Logo link to homepage

Report on Cotopaxi (Ecuador) — 14 October-20 October 2015


Smithsonian / US Geological Survey Weekly Volcanic Activity Report,
14 October-20 October 2015
Managing Editor: Sally Kuhn Sennert

Please cite this report as:

Global Volcanism Program, 2015. Report on Cotopaxi (Ecuador). In: Sennert, S K (ed.), Weekly Volcanic Activity Report, 14 October-20 October 2015. Smithsonian Institution and US Geological Survey.

Weekly Report (14 October-20 October 2015)



0.677°S, 78.436°W; summit elev. 5911 m

All times are local (unless otherwise noted)

IG reported that during 14-20 October cloud cover sometimes obscured views of Cotopaxi although emissions were observed daily. Gas, steam, and ash plumes rose as high as 2 km above the crater and drifted W, NW, N, and E. Small lahars descended the NW flank during 14-15 October, and a small lahar traveled down the Agualongo gorge on 16 October. Ashfall was reported during 16-17 and 19-20 October in Ticatilín, Lasso (60 km N), Chasqui (48 km NNW), Agualongo, Mariscal Sucre (50 km NNW), Rumipamba, San Fernando (58 km NNW), Selva Alegre (54 km NNW), Rumiñahui (61 km N), Vallecito, Aloasí (23 km NW), Aloag (28 km NW), Jambelí, El Chaupi (24 km WNW), Tanicuchi (25 km SW), and Maldonado.

Geological Summary. The symmetrical, glacier-covered, Cotopaxi stratovolcano is Ecuador's most well-known volcano and one of its most active. The steep-sided cone is capped by nested summit craters, the largest of which is about 550 x 800 m in diameter. Deep valleys scoured by lahars radiate from the summit of the andesitic volcano, and large andesitic lava flows extend to its base. The modern edifice has been constructed since a major collapse sometime prior to about 5,000 years ago. Pyroclastic flows (often confused in historical accounts with lava flows) have accompanied many explosive eruptions, and lahars have frequently devastated adjacent valleys. Strong eruptions took place in 1744, 1768, and 1877. Pyroclastic flows descended all sides of the volcano in 1877, and lahars traveled more than 100 km into the Pacific Ocean and western Amazon basin. Smaller eruptions have been frequent since that time.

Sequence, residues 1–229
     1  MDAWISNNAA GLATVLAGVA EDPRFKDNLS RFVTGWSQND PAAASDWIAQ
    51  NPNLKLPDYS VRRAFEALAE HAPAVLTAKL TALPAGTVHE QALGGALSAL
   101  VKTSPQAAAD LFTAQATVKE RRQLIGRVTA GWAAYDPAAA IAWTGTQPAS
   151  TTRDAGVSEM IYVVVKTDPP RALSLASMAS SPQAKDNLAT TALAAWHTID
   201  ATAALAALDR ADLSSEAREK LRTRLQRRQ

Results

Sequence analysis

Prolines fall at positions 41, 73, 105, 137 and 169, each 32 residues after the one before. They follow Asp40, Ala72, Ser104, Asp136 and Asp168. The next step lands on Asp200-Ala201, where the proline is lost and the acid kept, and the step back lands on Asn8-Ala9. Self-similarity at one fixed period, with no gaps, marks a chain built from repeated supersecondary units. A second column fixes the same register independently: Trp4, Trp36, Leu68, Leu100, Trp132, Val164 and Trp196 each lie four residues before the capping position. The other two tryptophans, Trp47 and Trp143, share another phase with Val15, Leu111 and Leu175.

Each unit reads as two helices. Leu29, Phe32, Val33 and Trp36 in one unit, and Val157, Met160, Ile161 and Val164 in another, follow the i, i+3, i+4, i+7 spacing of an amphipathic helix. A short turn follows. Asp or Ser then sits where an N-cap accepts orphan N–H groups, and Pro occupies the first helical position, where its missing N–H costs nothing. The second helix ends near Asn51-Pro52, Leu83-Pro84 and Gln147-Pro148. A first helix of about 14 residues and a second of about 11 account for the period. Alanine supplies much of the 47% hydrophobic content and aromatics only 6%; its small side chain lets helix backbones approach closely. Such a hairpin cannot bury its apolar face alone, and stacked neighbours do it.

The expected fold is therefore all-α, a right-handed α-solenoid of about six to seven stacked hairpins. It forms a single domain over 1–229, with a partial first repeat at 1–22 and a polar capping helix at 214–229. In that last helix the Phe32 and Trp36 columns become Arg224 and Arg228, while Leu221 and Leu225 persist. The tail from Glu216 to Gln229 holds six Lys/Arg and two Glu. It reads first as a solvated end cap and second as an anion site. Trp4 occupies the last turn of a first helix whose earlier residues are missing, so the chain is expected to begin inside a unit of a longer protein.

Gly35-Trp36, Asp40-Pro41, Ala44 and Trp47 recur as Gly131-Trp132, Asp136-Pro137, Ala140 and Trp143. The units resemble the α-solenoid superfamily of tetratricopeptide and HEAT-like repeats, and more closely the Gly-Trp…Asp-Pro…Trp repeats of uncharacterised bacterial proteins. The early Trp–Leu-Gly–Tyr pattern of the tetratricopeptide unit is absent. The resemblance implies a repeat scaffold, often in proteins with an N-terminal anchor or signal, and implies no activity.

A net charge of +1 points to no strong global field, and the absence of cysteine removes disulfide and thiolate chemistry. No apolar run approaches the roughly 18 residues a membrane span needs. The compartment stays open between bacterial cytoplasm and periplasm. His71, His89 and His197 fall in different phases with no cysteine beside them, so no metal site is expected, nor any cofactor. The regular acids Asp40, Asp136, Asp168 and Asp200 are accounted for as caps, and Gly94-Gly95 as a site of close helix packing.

Source: Instituto Geofísico-Escuela Politécnica Nacional (IG)